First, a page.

Every time there’s a shiny new version of Windows on the horizon, you’ll see them. A horde of stickers. A sea of stickers. A veritable galaxy of stickers on laptops and desktops all over shelves in digital and physical retailers, with “Windows XX upgrade available” printed on them. And, without fail, actually securing that upgrade can be a bit of a headache. So, it is with some PCs sold with promised upgrades to Windows 11 which, it turns out, aren’t coming because the hardware can’t officially handle it.
The company said as much on the latest update to the Known Issues section of the Windows 11 21H2 release health post, marked “resolved” at the top of the issue list.
Some hardware ineligible Windows 10 and Windows 11, version 21H2 devices were offered an inaccurate upgrade to Windows 11. These ineligible devices did not meet the minimum requirements to run Window [sic] 11. Devices that experienced this issue were not able to complete the upgrade installation process.
According to the notes spotted by Tom’s Hardware, affected versions include Windows 10 22H2, 21H2, and 20H2, indicating that this is a problem for at least some PCs sold up to a couple of years ago.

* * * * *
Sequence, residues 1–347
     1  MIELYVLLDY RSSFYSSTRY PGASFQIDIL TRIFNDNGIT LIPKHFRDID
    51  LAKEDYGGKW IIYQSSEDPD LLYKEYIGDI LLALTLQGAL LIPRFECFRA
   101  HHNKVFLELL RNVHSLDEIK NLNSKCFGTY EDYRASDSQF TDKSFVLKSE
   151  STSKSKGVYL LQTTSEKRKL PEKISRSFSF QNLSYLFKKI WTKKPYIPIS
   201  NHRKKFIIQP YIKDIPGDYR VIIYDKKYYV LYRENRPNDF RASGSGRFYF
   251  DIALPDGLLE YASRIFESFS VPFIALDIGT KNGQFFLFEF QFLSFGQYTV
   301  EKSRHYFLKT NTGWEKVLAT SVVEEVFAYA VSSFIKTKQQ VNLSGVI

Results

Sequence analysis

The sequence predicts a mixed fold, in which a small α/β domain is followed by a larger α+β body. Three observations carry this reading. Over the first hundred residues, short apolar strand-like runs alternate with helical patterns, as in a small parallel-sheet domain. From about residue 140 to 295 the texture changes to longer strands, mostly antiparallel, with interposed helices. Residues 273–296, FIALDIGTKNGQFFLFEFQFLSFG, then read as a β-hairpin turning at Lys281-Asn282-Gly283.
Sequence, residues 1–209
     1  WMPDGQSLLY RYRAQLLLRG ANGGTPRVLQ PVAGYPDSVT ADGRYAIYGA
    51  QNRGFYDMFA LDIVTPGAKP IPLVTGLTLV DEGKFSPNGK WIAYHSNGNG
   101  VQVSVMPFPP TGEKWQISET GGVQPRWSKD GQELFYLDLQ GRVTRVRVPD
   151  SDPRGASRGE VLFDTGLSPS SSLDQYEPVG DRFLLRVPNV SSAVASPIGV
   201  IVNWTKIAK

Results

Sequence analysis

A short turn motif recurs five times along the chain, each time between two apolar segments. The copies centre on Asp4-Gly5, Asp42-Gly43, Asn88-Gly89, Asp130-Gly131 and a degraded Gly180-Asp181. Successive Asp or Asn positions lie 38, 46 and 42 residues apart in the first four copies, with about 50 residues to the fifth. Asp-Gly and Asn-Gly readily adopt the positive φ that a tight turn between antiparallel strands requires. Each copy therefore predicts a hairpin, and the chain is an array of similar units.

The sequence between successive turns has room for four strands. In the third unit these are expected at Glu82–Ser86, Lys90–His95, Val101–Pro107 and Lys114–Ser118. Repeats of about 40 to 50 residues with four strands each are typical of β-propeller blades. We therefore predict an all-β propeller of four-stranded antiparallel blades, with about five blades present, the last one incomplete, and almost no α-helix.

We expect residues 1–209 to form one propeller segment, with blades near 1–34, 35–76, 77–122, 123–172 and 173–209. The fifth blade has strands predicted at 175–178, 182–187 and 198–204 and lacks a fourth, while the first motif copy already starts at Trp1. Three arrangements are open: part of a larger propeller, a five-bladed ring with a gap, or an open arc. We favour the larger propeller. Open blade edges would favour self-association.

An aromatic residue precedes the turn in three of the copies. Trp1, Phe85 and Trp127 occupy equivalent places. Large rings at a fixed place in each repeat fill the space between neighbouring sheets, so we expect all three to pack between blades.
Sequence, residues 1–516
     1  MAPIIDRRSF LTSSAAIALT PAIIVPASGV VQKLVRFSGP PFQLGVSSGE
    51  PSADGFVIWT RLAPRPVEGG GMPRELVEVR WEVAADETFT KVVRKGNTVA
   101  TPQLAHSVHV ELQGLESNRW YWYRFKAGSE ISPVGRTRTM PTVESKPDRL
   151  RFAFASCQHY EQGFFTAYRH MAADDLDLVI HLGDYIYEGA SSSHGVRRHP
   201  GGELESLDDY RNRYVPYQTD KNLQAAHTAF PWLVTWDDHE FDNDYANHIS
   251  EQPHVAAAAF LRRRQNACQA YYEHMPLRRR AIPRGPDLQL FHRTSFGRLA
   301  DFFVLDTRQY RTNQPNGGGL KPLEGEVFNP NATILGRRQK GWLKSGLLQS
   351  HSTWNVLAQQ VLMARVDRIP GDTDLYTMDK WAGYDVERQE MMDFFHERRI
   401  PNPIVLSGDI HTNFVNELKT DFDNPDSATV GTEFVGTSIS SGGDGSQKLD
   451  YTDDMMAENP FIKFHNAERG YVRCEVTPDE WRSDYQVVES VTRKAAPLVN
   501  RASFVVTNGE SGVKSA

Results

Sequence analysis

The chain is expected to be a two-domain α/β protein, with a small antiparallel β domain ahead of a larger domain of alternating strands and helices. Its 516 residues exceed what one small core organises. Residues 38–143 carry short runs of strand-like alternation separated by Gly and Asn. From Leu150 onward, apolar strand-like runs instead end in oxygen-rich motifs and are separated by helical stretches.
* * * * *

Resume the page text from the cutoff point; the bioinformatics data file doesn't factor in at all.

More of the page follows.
Microsoft posted this information in a support changelog and not, say, a press release, indicating that anyone who has a problem with their upgrades suddenly failing via Windows Update can go suck eggs. (That’s not a direct quote.) Users who are set on using Windows 11 will have to upgrade their hardware or search for a workaround.
Speaking of which, Windows seems to be having a collection of embarrassing issues surrounding the W11 upgrade as of late. Last week watermark messages started appearing on Windows 11 copies running on hardware that doesn’t officially support the newer version. This, despite the fact that it’s been shown that Windows 11 can run on much lighter systems than previously suspected, albeit without the official blessing of Microsoft.
In short, the upgrade process to Windows 11 (and the eligibility of hardware for said upgrade) remains a murky mess more than a year after the operating system’s full public release.